We live in a day when the people around us are indifferent to the Gospel. I thought it might be an encouragement to some to have an account Of the experience of revival in England and Wales, and coupled with a testimony from Augustus Toplady, a decidedly Calvinistic writer and preacher. These are taken from his Works.
On the Anniversary Day in Wales, the congregation was so large that the chapel would not have contained a fourth part of the people, who were supposed to three thousand . No fewer than one thousand three hundred horses were turned into the large fold adjoining the College, besides what were stationed in the neighboring villages. The carriages also, were unusually numerous. A scaffold was erected at one end of the College – court, on which a bookstand was placed, by way of pulpit; and them six or seven of us preached, successively, to one of the most attentive and most lively congregations I ever beheld. When it came to my turn to preach. ``I attend to the front, ; and had not gone more than half through my prayer before sermon when the was done. scaffold suddenly fell in fell in. As I stood very near the highermost step (and the steps did not fall with the rest), Providence enabled me to keep on my feet, through the assistance of Mr Winkworth, who laid fast on my ar, About forty ministers were on the scaffold and and the steps when the former broke down. Dear Mr Shirley fell undermost of all, but received no other hurt than a very slight bruise on one of his thighs. A good woman, who, for the conveniency of hearing , had placed herself under the scaffold, received a slight contusion to her face. No other mischief was done. The congregation, though greatly alarmed, had the prudence not to throw themselves into outward disorder: which, I believe was chiefly owing to he powerful sense of God’s presence, which was eminently felt by most of the assembly.
Such was the wonderful goodness of the Lord to me, that I was not in the least disconcerted on this dangerous occasion: which I mention to the praise of that grace and providence, without which a much smaller incident would inevitably have shocked every nerve I have. About half a minute after the interruption had commenced, I had the satisfaction to inform the people that no damage had ensued; and removing for security to a lower step, I thanked the Lord, with the rejoicing multitude, for having so undeniably given his angels charge concerning us. Prayer ended, I was enabled to preach .and great grace seemed to be upon us all.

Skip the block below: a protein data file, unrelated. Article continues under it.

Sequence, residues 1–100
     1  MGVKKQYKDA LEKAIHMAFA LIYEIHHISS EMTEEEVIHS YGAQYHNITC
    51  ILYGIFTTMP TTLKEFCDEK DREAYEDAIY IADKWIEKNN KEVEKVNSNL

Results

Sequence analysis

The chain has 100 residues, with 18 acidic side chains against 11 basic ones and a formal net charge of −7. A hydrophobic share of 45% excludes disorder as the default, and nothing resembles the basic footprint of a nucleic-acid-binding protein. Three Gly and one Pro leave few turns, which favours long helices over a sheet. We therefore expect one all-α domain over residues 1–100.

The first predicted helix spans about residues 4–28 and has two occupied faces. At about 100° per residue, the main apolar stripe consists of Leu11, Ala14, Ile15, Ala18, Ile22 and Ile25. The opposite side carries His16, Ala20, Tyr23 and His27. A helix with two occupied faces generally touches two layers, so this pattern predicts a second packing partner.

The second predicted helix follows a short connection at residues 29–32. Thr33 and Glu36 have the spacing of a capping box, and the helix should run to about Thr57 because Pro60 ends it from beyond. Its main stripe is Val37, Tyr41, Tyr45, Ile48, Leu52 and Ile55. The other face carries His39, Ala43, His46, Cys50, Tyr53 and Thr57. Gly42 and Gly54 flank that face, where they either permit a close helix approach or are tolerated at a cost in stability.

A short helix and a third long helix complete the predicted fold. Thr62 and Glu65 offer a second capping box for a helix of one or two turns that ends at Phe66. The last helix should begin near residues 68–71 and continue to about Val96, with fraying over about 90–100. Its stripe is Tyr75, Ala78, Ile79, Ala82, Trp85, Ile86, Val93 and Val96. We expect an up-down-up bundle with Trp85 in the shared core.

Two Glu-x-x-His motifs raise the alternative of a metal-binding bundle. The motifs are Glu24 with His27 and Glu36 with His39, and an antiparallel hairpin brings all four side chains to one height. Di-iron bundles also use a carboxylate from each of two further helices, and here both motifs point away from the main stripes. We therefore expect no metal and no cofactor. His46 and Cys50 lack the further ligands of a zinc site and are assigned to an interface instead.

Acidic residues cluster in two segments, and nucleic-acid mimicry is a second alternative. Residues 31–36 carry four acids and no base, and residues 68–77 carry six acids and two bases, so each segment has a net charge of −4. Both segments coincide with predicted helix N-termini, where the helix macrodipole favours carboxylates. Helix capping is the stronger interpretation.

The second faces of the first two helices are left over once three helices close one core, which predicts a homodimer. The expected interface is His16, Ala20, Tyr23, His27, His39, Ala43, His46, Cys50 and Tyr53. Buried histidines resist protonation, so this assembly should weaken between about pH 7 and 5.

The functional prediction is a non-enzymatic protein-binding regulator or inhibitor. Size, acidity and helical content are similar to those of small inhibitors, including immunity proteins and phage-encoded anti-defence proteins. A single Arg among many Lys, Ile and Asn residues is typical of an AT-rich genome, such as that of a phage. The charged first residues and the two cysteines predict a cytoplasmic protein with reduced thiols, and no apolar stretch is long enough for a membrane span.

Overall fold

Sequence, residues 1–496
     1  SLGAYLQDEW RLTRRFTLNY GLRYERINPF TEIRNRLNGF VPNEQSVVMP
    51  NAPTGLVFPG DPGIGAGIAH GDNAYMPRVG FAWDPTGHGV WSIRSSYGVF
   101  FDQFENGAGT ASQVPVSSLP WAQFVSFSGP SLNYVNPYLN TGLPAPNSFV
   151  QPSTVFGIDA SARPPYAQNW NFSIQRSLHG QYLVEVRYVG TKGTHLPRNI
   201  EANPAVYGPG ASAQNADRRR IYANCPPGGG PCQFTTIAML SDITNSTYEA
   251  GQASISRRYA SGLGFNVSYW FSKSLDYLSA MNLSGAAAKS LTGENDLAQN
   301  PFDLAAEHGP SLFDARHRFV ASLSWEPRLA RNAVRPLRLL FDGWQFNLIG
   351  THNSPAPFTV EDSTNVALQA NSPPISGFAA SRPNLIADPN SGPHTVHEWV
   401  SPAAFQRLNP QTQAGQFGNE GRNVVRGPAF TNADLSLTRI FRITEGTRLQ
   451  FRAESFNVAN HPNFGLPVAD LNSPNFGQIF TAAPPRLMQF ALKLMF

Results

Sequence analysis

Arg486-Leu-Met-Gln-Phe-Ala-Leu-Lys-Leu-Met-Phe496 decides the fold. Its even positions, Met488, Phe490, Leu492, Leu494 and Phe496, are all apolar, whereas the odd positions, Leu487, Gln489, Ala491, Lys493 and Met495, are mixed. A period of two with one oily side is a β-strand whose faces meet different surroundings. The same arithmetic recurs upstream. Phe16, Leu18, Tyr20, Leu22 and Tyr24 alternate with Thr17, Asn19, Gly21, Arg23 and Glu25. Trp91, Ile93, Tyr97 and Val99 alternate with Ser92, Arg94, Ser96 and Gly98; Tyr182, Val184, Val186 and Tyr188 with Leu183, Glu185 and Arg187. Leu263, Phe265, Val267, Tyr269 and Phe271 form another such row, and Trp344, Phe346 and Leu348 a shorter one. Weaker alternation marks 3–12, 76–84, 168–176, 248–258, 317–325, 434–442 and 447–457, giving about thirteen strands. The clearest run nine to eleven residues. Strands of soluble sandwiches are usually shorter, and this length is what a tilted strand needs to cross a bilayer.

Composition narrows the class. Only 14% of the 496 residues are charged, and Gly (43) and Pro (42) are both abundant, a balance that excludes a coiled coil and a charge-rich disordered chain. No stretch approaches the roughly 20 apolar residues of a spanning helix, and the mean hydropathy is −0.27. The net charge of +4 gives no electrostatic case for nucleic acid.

Part of a letter of A.M. Toplady to friends, Sept. 9, 1775, The Works of the Rev Augustus Toplady, 875-6
He has this extract of an account of the character of George Whitefield, after his death in Newburyport, Mass., in 1770. Perhaps it was an article in the newly-published Evangelical Magazine.
I deem myself happy in having an opportunity of thus publicly avowing the inexpressible esteem in which I held this wonderful man; and the affectionate veneration which I must ever refrain, for the memory of one whose acquaintance and ministry were attended with the most important spiritual benefit to me, and of tens of thousands beside.
It will not be saying too much, if I term him The apostle of the English empire; in point of zeal for God, a long course of indefatigable and incessant labours, unparalleled disinterestedness, and astonishingly extensive usefulness.
He was a true and faithful son of the Church of England, and invincibly asserted her doctrines to the last; and that in a merely doctrinal way. though he was a most systematic divine, but with an unction of power from God, unequalled in the present day.
He would never have quitted even the walls of the Church, had not either the ignorance, or the malevolence, of some who ought who known better, compelled him in the present day.
If the most absolute command over the passions of immense auditories be the mark of a consummate orator, he was the greatest of the age. If the strongest good sense, the most generous expansions of heart, the most artless but captivating affability, the brightest cheerfulness , the most liberal exemption from bigotry, and the purest and most purest cheerfulness, and the promptest wit, enter into the composition of social excellence, he was one of the best companions in the world.
If to be stedfast and unmoveable, always abounding in the works of the Lord; if an union of the most brilliant with the most solid ministerial gifts, ballasted by a deep and humbling, experience of grace, and crowned with the most extended success in the conversion of sinners and the edification of saints, be signatures of a special commission from heaven; Mr. Whitefield cannot but stand highest on the modern list of Christian ministers.
On the whole, he was the most imperfect character I ever knew; and yet, no person was ever more shockingly traduced and vilified, by those who either were unacquainted with him, or who hated him for his virtues, and for his attachment to the gospel of Christ…..
People think of Toplady as a hyper-Calvinist, because of his admiration of John Gill I suppose. But these extracts are those of a regular revivalist. He was the author of great hymns. Here is one centred in Christ:
Object of my first
Jesus, crucified for me;
All to happiness aspire,
Only to be found in Thee.
Thee to praise, and Thee to know,
Constitute my bliss below;
Thee to see, and Thee to love,
Constitute my bliss above.
Lord, it is not life to live,
If Thy presence Thou deny:
Lord, if Thou Thy presence give,
‘Tis no longer death to die.
Source and giver of repose,
Only from Thy smile it flows,
Peace and happiness are Thine;
Mine they are, if Thou art mine.
Let me but Thyself possess—
Total sum of happiness—
Real bliss I then shall prove,
heaven below and heaven above.